How can server response time be optimized on Linux on a MySQL server?

When it comes to dynamic websites, there is always a need for faster page loads, highly responsive servers and ecstatic clients. These are all recipes for high level efficiency for websites.

When it comes to web server performance then, what can be done to enhance the efficiency of MySQL server? Some would say that caching is what makes the difference. Some claim that indexing is the best way to squeeze every millisecond out of MySQL server? Which of these worked for you? Is there any other unconventional measure you deployed to optimize server response time on MySQL database? Would love to hear?

Actually, it’s a topic I’ve always wanted to learn more about, but mastering it isn’t something that can be done quickly. Unfortunately, I don’t have much time to dedicate to it right now. Becoming a Database Administrator (DBA) is a lengthy process; it’s not just a matter of making a few tweaks. It involves continuous monitoring and making informed decisions based on various metrics. Despite the challenges, Redis cache has significantly improved my performance.

I manage self-hosted WordPress sites, and while I’ve mastered some aspects, optimizing MySQL or MariaDB is an ongoing learning process for me. I came across a tool called Releem, which is free and gathers metrics from your server, providing suggestions for improvements. Although I appreciate its well-documented knowledge base, I’m cautious about installing tools on my server without a clear understanding of their operations.

One tool I have found helpful is MySQL Tuner. It has proven beneficial in many situations, offering recommendations based on real-life scenarios.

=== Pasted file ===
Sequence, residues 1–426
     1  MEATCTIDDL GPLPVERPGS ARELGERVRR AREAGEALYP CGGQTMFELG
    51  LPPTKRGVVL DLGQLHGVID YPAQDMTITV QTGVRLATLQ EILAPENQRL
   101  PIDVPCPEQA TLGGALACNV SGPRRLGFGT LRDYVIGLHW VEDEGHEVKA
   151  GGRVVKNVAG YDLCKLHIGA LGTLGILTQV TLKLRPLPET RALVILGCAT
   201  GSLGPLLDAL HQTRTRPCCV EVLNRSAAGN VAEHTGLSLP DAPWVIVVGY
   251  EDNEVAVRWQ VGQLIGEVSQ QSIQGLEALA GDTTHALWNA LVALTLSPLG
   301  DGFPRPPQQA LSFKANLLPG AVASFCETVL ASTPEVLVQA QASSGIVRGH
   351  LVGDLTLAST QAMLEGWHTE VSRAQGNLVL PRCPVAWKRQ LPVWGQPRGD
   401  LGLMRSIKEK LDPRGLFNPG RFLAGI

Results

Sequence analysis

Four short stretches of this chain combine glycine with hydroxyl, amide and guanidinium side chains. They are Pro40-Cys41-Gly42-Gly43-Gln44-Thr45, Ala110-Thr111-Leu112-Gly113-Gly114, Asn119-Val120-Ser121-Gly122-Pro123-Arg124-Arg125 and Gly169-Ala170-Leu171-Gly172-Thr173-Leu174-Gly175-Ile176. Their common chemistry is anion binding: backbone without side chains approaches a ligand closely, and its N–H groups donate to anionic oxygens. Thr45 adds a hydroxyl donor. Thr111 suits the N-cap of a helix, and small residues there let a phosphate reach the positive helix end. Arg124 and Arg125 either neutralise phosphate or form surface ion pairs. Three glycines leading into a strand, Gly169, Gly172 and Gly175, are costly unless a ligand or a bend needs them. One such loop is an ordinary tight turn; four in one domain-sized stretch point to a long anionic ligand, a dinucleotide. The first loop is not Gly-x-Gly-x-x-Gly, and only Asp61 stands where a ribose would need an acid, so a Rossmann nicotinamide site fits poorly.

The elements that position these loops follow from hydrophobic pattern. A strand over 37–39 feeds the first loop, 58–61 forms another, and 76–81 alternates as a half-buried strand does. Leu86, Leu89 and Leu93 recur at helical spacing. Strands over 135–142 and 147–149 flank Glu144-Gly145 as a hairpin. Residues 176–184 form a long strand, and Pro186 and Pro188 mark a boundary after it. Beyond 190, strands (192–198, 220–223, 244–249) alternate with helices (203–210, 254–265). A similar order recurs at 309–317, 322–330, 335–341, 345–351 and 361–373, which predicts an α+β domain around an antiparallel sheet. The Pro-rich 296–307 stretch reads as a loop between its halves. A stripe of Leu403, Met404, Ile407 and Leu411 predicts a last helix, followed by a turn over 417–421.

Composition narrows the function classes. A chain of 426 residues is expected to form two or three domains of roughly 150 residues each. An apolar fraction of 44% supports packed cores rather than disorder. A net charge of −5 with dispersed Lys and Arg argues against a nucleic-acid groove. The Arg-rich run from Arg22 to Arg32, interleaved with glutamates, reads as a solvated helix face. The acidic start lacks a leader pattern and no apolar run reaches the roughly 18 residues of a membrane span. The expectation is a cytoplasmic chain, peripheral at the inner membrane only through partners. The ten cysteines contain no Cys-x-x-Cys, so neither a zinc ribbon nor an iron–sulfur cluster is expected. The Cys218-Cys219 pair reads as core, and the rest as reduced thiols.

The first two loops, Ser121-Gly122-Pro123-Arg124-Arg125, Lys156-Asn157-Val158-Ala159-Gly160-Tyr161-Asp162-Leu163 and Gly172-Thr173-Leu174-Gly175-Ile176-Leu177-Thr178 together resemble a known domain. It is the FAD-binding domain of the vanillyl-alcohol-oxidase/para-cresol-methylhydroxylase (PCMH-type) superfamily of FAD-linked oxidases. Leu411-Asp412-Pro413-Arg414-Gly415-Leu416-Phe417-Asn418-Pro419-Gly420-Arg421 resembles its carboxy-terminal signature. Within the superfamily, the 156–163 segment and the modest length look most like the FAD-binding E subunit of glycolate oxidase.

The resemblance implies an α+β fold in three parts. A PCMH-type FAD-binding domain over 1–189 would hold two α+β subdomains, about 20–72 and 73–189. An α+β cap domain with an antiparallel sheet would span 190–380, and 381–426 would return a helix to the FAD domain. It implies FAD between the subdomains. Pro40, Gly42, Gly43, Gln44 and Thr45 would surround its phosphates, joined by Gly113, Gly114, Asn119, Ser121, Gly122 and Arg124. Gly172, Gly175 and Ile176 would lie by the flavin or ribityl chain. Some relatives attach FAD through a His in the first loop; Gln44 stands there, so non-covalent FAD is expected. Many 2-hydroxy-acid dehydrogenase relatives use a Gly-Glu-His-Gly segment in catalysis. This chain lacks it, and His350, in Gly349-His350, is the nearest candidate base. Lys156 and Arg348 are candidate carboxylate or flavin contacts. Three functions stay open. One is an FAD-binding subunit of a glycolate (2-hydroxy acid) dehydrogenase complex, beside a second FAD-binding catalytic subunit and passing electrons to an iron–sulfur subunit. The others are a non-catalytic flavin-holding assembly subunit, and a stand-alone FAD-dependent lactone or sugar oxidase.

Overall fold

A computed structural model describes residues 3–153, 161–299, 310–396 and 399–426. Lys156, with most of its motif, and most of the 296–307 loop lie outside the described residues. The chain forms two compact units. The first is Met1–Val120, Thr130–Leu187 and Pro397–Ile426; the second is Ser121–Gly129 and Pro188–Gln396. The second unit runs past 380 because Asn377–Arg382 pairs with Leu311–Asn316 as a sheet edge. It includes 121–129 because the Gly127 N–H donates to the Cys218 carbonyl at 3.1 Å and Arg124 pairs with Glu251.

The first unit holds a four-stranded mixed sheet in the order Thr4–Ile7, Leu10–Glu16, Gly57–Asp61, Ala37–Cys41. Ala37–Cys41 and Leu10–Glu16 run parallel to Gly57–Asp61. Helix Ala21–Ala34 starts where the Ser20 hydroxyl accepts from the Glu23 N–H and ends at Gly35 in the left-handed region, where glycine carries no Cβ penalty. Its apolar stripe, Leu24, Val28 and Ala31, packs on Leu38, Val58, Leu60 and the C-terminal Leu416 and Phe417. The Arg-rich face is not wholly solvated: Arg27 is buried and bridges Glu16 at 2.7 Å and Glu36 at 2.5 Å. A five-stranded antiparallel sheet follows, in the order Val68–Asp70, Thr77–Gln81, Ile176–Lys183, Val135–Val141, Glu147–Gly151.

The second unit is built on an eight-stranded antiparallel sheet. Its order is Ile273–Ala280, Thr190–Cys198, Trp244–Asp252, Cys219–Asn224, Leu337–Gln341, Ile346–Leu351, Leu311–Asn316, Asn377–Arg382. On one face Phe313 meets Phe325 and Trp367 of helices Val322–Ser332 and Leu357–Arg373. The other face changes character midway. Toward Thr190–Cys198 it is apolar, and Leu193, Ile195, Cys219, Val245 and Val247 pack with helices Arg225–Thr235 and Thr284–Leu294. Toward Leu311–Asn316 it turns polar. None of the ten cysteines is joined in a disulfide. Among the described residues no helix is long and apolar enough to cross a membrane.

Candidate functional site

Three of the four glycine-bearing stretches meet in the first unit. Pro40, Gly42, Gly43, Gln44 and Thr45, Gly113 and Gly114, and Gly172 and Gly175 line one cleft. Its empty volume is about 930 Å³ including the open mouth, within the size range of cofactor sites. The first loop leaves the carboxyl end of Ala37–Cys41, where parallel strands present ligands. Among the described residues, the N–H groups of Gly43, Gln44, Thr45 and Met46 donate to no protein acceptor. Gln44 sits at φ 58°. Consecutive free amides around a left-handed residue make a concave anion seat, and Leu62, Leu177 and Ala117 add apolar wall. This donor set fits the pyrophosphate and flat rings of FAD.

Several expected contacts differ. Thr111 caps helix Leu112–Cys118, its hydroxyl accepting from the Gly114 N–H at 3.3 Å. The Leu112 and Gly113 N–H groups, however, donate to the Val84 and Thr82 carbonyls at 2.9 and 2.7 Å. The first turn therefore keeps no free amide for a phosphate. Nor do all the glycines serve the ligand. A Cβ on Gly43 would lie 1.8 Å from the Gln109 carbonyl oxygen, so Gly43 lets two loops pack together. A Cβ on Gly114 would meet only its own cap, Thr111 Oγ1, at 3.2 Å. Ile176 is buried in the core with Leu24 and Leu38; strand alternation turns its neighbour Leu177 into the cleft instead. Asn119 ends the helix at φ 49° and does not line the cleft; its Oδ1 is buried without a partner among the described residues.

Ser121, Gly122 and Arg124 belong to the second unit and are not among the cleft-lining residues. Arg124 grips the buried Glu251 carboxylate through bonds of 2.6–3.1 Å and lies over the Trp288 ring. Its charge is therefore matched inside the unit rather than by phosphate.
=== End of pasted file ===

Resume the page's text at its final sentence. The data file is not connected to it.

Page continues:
Indexing the common requests is the fastest way to reduce query time. It makes your requests 20x-100x faster depending on the items that the database has.

You can also consider reducing the connected table queries. Queries made from linked tables are one of the main factors that reduce speed. If you have a database that has many linked tables, you may consider using one of the NoSQL databases and saving the linked tables on the base table. With that, you don’t need to query multiple tables and it’ll reduce the query time.

@ivansalloum i dont use mysql server but do i use a lot of other server. coming from the red hat or the server side, i can recommend you this.

$sudo apt-get install smemstat 
# it is a memory profiler for the servers
# now you can make a string array for the same
read -r -p "please enter the sleep time:" number
declare -A sleep=()
for i in $(semstat | cut -f "column you want")
# now opening a second iteration to limit the threshold 
for i in "${sleep}"
 if [[ "${i}" -le "${threshold}" ]]
   sleep "${number}"
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What is this for exactly?

a memory profiler wrote with which you put the cached memory or the applications using the larger memory to sleep so that it wont use.

Cool. I’m gonna look into it. Thanks!

@ivansalloum thank you and if you using that for the kubectl or the kubectl pods like

$kubectl shell pods 
then you can list and add one more iterator and at that time you can
import the GO language such as 
 import fmt {
   var := int
and you can incorporate that directly. 

alles gut,

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